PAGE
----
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Ron Basford

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Ron Basford

Stanley Ronald "Ron" Basford, PC (April 22, 1932 – January 31, 2005) was a long-time Canadian Cabinet minister[1] in the Liberal government of Pierre Trudeau.[2] Based in British Columbia, he was known as "Mr. Granville Island"[3] for his support of the Granville Island redevelopment project in Vancouver.[4]

Born in Winnipeg, Manitoba Basford moved with his mother to Comox, BC, following the death of his father, where he completed his last 3 years of high school. He then attended the University of BC, earning a Law degree in 1956. Following his period of Articles, he was admitted to the Bar, and practiced law for the next 6 years.

Basford had become interested in politics in his early teenage years and was very active in the Liberal Party while at university. He was nominated as the Liberal candidate in Vancouver Burrard in March, 1962, and contested the election in June of that year, at the age of 29, losing by 94 votes.

Basford was first elected to the Canadian House of Commons as the Liberal Member of Parliament for Vancouver—Burrard in the 1963 election and was re-elected in the 1965 election. From 1968 to 1979, he represented the riding of Vancouver Centre.

In 1968, Trudeau brought Basford into cabinet as Minister of Consumer and Corporate Affairs. He subsequently served as Minister of State for Urban Affairs (1972–1974), Minister of National Revenue (1974–1975) and Minister of Justice and Attorney General of Canada (1975–1978).

As Vancouver's leading cabinet minister, Basford is credited with helping to scuttle plans for an expressway along the city's waterfront that would have levelled the Gastown and Chinatown neighbourhoods, for encouraging local planning and neighbourhood improvement, and for helping win federal support for the construction of thousands of units of co-operative housing in the city.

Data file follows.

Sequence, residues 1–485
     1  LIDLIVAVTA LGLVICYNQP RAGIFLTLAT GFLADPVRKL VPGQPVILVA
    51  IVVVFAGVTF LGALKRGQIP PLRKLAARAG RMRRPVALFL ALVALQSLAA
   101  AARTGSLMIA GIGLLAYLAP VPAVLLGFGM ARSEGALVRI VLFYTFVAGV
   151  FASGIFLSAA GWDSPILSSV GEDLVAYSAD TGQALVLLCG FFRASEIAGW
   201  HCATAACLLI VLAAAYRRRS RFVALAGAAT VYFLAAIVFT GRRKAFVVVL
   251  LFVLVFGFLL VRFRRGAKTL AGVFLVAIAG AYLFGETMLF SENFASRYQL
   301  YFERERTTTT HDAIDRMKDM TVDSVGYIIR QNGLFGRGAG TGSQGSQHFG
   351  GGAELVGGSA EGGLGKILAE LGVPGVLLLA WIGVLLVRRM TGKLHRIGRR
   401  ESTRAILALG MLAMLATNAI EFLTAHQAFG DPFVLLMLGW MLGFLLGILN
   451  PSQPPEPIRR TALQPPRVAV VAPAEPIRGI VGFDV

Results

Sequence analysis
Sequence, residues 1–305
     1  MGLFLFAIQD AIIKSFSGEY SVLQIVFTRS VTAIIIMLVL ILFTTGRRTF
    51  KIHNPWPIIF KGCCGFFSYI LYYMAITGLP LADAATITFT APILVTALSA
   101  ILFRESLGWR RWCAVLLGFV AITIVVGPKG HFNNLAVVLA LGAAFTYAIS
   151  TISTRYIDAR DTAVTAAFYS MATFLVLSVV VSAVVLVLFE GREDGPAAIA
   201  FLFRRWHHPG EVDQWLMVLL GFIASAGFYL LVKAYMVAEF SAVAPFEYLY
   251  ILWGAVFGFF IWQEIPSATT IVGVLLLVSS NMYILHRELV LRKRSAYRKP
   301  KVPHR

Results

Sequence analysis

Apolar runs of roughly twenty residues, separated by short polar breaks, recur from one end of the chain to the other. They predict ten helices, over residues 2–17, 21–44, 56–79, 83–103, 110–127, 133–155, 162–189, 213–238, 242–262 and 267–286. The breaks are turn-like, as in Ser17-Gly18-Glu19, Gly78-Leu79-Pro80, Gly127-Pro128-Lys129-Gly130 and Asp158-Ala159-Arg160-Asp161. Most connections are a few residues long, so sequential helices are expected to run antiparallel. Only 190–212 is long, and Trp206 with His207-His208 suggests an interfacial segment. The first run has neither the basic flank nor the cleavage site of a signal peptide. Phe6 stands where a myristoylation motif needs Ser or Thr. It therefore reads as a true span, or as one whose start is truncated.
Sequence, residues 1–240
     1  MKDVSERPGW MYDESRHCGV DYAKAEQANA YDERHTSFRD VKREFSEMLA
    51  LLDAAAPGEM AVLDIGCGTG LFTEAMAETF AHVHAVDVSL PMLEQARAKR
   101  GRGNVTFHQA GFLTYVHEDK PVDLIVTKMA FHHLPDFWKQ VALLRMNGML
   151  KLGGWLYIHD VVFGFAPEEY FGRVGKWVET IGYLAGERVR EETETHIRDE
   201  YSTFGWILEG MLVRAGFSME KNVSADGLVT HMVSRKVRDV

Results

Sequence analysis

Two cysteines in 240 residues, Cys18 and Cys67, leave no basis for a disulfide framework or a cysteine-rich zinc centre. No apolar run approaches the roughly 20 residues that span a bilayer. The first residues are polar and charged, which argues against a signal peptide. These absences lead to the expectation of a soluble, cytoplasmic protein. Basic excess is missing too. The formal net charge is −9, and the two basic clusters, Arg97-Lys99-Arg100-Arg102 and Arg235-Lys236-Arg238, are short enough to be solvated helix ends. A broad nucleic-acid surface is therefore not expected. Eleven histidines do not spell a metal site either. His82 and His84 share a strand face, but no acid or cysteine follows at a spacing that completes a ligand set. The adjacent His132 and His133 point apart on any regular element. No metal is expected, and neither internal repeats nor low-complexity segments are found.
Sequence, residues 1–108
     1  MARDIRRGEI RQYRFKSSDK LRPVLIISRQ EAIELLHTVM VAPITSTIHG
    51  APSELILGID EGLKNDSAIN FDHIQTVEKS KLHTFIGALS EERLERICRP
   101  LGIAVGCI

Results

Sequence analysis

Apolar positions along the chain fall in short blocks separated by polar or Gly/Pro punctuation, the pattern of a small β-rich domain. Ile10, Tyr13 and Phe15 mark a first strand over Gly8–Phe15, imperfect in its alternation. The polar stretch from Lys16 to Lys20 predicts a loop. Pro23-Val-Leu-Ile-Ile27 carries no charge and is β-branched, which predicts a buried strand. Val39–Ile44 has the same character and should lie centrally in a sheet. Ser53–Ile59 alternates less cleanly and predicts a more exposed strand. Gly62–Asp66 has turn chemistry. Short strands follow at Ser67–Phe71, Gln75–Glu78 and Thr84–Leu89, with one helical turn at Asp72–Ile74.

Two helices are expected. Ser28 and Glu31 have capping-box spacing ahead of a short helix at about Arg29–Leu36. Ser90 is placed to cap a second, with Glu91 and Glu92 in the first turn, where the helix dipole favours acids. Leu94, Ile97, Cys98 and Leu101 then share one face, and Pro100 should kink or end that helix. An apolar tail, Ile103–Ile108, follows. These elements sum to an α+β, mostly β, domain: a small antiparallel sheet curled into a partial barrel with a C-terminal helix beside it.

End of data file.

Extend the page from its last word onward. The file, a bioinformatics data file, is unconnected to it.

As Consumer and Corporate Affairs minister, Basford shepherded the passage of legislation that dramatically reduced pharmaceutical prices. This gave Canada the lowest drug prices in the industrialized world into the late 1980s when the legislation was repealed by the Mulroney government. Basford also had passed into law the Hazardous Products Act that eliminated flammable children's bedding and clothing from the market. His most controversial move, at the time, was the adoption of the SI (metric) system as Canada's official standard of weights and measures. This provoked strong opposition from many Canadians, but has since been accepted.

During his 30 months as Minister of State for Urban Affairs, Basford led the new Ministry into the unchartered waters of Federal/Provincial/Municipal consultation and cooperation through the development of Tri Level Concerences and working groups, improving the relationships among Canada's three levels of government. At the same time, he sponsored a complete revision of the National Housing Act, which initiated an era of wider programs of social housing and financial aid to municipalities through the Neighbourhood Improvement Program and the Residential Rehabilitation Assistance Program.

As Justice minister, Basford arranged a capital punishment, and when the Canadian Human Rights Act was amended to require equal pay for equal work regardless of gender.

Basford retired from cabinet in 1978, as the longest-serving Minister from BC since Confederation, and did not run in the 1979 election. He practiced law with the Vancouver law firm of Davis and Company, and was named Coordinator by the governments of BC and Canada of the complex Northeast Coal Development in 1982.


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  4. ^ http://granvilleisland.coms/all/files/Granville%20Island-%20From%20Sandbar%20to%20Raising%20the%20Bar.pdf
Parliament of Canada
Preceded by
Thomas Berger
Member of Parliament for Vancouver—Burrard
Succeeded by
Last member, riding abolished in 1966
Preceded by
Jack R. Nicholson
Member of Parliament for Vancouver Centre
Succeeded by
Art Phillips
Political offices
Preceded by
John Turner
Minister of Consumer and Corporate Affairs
Succeeded by
Bob Andras
Preceded by
Robert Stanbury
Minister of National Revenue
Succeeded by
Bud Cullen
Preceded by
Otto Lang
Minister of Justice
Succeeded by
Otto Lang
Preceded by
Francis Fox
Solicitor General of Canada
Succeeded by
Jean-Jacques Blais
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